Bone Grafting and Gum Surgeries

What are Regenerative surgeries ?

A wisdom tooth, in humans, is any of the usual four third molars. Wisdom teeth usually appear between the ages of 16 and 25.Most adults have four wisdom teeth, but it is possible to have fewer or more, in which case the extras are called supernumerary teeth. Wisdom teeth commonly affect other teeth as they develop, becoming impacted or “coming in sideways.” They are often extracted when this occurs.
Regenerative procedures are also used in order to place dental implants. In order to place a dental implant, the bone has to be thick enough to support it. Sometimes when the bone is too thin, we can augment the area with a bone graft in an effort to regain the bone thickness needed. This procedure involves placing the bone graft material under the gum tissue to the desired thickness. The bone graft is sometimes mixed with growth factors to help accentuate the healing process. A membrane is then placed over the bone graft and the area is sutured to allow for undisturbed healing. Think of a membrane as a “Band-Aid” that covers the bone to help hold it in place while healing takes place. Approximately, 3-6 months later the bone will have healed enough to support the placement of a dental implant.

What is Free Gingival soft tissue Graft ?

A free gingival graft is a dental procedure where a small layer of tissue is removed from the palate of the patient’s mouth and then relocated to the site of gum recession. It is sutured (stitched) into place and will serve to protect the exposed root as living tissue. The donor site will heal over a period of time without damage. This procedure is often used to increase the thickness of very thin gum tissue.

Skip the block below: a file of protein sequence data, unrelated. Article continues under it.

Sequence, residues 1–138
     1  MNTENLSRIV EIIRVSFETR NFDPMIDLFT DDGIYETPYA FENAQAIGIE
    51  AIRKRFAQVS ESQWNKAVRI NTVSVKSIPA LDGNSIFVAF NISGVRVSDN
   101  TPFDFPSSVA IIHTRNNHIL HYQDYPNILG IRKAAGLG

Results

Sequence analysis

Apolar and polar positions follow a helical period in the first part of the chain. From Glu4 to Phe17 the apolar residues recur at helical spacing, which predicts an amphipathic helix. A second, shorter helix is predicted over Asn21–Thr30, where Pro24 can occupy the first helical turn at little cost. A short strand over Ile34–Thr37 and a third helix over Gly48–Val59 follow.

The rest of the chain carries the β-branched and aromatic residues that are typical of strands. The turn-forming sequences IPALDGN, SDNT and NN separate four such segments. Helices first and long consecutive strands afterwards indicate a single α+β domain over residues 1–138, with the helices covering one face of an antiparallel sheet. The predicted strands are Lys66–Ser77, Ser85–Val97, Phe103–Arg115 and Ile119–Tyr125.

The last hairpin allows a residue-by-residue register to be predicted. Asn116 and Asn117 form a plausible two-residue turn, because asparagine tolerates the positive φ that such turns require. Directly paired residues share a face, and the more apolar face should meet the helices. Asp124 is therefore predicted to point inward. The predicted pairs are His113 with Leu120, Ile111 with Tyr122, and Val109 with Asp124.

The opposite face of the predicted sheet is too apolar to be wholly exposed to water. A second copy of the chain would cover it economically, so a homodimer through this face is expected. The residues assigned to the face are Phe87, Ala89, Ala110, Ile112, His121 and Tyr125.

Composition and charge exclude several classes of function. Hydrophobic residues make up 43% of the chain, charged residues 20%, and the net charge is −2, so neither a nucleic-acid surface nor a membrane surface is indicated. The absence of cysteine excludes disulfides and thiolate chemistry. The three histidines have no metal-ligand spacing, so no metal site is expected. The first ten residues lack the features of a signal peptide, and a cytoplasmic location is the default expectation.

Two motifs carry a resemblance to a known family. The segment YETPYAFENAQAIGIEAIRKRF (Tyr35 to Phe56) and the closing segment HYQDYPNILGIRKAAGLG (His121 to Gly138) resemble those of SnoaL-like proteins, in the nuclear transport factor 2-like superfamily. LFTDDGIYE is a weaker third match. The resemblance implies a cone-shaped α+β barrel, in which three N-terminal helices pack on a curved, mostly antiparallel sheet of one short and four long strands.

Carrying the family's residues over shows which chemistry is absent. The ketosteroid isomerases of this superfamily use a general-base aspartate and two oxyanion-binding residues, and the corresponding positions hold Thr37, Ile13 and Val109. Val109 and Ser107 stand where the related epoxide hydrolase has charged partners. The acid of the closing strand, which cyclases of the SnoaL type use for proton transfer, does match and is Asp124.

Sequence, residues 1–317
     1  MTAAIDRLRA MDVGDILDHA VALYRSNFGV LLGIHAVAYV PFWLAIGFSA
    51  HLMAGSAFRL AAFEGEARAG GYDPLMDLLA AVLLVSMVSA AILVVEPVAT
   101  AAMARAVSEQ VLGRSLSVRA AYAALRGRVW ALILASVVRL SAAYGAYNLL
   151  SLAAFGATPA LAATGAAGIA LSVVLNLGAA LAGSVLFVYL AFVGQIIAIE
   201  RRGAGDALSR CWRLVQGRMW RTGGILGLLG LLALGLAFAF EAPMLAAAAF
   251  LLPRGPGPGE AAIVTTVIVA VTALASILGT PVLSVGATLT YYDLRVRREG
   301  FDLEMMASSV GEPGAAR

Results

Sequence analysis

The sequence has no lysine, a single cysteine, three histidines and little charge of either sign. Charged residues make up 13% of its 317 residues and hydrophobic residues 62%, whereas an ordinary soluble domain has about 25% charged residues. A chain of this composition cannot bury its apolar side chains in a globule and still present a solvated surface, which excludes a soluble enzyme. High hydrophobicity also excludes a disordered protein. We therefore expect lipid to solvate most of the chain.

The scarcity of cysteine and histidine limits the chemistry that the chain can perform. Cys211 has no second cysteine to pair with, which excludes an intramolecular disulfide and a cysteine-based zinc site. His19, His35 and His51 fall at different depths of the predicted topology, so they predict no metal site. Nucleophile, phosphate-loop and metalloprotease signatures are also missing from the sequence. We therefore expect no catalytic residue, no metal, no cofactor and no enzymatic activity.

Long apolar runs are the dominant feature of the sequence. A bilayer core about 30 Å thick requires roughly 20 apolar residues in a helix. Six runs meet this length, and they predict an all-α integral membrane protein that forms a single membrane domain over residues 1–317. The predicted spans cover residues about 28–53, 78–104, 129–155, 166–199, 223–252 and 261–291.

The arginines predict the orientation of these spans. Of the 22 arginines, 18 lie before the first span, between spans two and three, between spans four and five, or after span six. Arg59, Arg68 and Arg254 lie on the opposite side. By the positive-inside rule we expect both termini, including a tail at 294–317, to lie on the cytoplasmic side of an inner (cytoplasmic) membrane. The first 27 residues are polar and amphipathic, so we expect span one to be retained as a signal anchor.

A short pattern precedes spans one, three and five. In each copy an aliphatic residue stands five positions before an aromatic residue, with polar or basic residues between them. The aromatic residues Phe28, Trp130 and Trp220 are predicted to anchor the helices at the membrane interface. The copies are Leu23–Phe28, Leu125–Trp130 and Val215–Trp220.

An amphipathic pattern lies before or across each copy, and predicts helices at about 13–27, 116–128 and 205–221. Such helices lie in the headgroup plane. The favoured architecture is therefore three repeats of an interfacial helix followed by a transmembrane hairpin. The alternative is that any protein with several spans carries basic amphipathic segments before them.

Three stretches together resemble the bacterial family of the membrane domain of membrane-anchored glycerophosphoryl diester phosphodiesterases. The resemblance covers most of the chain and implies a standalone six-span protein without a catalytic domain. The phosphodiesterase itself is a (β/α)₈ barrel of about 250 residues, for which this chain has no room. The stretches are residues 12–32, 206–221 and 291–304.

What is an Alloderm Graft ?

An acellular dermal matrix (such as Alloderm) graft uses donated medically processed human skin tissue from Tissue Bank as a source for the graft. The advantage of this procedure is no need for a palatal donor site.

What is Crown Lengthening and why is it done?

Crown lengthening is a surgical procedure performed by a dentist to expose a greater amount of tooth structure for the purpose of subsequently restoring the tooth prosthetically.[1] This is done by incising the gingival tissue around a tooth and, after temporarily displacing the soft tissue, predictably removing a given height of alveolar bone from the circumference of the tooth or teeth being operated on.
Biologic Width : It is the height between the deepest point of the gingival sulcus and the alveolar bone crest. This distance is important to consider when fabricating dental restorations, because they must respect the natural architecture of the gingival attachment if harmful consequences are to be avoided.
The biologic width is patient specific and may vary anywhere from 0.75-4.3 mm. it is often recommended to remove enough bone to have 3mm between the restorative margin and the crest of alveolar bone.[3][4][5] When restorations do not take these considerations into account and violate biologic width, three things tend to occur:

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